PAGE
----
The mission of the Censible Nutrition Program is to get low-income families eating healthier food and this year they decided to grow that food from seed.
In Natrona and Bighorn Counties, the University of Wyoming extension program collaborated with local groups to create community gardens, getting kids and adults doing physical activity as they cultivated food.
Program Director Mindy Meuli said, they ended up giving away over 400 pounds of zucchini, potatoes, cantaloupe and other produce. She said there’s a real need for such foods in parts of Wyoming.
“Several of our communities in Wyoming are what we call food deserts and access to food is limited. There may not be a grocery store. There may just be like a convenience store and they don’t carry a lot of fresh fruits and vegetables.”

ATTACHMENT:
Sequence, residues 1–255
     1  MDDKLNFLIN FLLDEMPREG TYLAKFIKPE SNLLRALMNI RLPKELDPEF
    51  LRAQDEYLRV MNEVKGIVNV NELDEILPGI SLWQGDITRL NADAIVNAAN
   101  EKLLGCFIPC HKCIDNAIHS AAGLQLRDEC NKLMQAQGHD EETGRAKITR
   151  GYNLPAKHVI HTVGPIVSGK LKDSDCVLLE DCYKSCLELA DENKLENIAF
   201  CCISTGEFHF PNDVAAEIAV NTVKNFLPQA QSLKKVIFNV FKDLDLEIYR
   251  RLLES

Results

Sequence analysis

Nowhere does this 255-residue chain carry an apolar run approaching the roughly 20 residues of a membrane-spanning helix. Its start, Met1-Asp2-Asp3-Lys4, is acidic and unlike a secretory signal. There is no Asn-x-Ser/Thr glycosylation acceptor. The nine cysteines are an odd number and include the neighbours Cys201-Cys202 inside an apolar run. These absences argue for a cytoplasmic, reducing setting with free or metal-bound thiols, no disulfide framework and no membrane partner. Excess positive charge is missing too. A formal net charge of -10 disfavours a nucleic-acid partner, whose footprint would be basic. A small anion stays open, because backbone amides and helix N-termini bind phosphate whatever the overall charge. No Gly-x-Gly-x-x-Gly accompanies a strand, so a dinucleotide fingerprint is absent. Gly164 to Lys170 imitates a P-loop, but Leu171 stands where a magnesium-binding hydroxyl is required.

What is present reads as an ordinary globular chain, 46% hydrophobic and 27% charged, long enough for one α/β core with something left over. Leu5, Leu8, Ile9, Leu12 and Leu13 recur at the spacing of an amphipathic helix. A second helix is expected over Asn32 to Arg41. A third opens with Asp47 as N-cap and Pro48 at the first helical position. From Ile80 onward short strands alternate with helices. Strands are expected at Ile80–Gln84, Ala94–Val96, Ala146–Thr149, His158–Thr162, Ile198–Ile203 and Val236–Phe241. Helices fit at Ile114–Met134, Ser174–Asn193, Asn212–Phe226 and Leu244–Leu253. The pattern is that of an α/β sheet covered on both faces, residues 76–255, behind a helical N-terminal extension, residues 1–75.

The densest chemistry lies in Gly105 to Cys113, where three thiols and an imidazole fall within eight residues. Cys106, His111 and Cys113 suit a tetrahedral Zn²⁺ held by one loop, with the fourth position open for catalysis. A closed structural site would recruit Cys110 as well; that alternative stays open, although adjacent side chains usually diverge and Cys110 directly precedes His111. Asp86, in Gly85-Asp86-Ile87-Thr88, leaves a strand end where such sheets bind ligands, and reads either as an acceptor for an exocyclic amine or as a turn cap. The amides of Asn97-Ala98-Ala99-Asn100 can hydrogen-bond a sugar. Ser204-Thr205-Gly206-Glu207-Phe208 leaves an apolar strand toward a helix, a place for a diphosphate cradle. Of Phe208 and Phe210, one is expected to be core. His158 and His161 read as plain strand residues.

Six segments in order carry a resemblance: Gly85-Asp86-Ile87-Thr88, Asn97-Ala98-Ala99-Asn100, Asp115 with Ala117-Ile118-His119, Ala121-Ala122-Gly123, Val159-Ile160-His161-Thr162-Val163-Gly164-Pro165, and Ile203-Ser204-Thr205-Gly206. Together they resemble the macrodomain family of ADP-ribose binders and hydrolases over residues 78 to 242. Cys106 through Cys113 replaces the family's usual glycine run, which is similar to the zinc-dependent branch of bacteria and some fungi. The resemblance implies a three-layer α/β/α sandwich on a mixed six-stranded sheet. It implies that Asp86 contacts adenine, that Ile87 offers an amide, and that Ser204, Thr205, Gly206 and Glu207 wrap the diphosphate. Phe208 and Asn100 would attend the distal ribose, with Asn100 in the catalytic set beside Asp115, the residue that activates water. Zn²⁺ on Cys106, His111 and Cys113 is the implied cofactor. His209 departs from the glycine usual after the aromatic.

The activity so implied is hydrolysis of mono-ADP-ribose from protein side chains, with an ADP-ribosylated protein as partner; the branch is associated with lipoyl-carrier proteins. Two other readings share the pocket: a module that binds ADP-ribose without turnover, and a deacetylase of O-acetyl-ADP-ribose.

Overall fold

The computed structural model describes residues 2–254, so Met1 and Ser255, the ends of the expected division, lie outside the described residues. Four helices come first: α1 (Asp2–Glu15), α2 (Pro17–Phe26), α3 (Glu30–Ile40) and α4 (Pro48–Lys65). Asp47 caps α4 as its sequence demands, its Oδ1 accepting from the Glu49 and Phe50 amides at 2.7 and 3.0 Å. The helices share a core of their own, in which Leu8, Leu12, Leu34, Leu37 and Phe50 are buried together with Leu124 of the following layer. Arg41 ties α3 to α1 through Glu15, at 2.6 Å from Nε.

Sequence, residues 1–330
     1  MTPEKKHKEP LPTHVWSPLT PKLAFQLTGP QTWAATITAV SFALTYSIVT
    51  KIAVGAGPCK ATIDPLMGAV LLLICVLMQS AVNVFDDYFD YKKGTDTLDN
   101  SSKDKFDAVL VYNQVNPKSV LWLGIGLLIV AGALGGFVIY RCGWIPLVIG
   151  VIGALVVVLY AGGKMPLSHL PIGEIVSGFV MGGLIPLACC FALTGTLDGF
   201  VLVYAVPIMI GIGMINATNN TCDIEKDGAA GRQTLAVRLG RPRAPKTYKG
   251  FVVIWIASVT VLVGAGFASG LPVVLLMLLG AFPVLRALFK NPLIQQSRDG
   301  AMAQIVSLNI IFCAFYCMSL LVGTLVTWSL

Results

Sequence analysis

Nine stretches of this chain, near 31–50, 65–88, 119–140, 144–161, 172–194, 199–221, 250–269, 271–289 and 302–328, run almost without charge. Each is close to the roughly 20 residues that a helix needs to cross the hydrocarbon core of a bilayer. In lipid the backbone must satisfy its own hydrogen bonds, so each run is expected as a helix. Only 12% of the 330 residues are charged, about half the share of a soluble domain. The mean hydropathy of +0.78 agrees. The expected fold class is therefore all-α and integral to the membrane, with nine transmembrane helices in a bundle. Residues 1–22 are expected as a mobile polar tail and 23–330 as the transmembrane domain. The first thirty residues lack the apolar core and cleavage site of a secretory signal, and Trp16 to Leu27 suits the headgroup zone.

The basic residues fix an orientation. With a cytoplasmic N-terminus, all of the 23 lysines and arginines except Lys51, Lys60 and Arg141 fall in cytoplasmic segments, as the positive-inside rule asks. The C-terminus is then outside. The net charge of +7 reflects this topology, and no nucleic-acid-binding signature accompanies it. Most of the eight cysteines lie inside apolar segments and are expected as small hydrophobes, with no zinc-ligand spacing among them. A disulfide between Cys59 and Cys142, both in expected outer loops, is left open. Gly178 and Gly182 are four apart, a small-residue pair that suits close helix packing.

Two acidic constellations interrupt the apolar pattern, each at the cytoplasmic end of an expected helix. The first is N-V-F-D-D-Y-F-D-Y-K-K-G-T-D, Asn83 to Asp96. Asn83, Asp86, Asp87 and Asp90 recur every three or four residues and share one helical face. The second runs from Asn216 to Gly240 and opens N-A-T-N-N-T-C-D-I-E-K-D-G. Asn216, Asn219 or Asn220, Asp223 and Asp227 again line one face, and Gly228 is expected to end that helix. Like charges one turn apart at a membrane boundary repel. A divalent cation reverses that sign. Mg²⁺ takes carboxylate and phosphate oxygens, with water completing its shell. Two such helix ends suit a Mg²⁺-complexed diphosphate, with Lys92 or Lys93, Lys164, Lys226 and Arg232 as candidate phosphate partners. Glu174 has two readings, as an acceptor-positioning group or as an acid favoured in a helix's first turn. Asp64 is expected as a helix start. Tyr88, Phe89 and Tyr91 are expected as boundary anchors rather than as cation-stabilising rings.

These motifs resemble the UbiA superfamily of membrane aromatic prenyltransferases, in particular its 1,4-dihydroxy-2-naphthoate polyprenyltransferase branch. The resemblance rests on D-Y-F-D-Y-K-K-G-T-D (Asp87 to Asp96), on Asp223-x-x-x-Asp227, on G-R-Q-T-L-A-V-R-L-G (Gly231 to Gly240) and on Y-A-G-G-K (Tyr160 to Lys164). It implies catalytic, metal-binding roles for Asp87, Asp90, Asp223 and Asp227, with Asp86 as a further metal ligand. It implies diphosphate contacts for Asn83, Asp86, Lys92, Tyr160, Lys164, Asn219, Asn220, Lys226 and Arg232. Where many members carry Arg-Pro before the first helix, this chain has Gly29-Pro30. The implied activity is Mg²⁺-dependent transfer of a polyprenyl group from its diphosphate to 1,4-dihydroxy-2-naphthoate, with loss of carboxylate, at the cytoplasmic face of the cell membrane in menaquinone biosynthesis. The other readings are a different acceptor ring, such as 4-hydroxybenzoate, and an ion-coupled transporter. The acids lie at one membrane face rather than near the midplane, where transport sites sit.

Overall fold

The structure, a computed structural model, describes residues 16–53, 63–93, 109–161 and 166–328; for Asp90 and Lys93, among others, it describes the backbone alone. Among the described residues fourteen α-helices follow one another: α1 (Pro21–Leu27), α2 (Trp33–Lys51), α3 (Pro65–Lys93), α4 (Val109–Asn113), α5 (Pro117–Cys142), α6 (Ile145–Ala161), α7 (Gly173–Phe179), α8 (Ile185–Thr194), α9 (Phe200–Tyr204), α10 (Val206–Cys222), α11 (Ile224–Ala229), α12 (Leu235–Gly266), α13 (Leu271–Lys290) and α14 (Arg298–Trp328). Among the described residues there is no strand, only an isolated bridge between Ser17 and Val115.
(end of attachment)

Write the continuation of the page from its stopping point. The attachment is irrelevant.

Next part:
Meuli said, everything they harvested they donated to local food pantries, the Salvation Army, the Boys and Girls Club and other charities.
Meuli said in extremely rural areas of Wyoming, gardens might be a solution when there’s a lack of fresh produce.
“Particularly if you’re in a food desert, you could grow your own fruits and vegetables. And part of the SNAP benefit is you can buy seeds that can be planted that produce food. So that is helping the lower income audience reach their nutrition needs.”
Meuli said the program hopes to grow gardens in other food deserts in the state next year.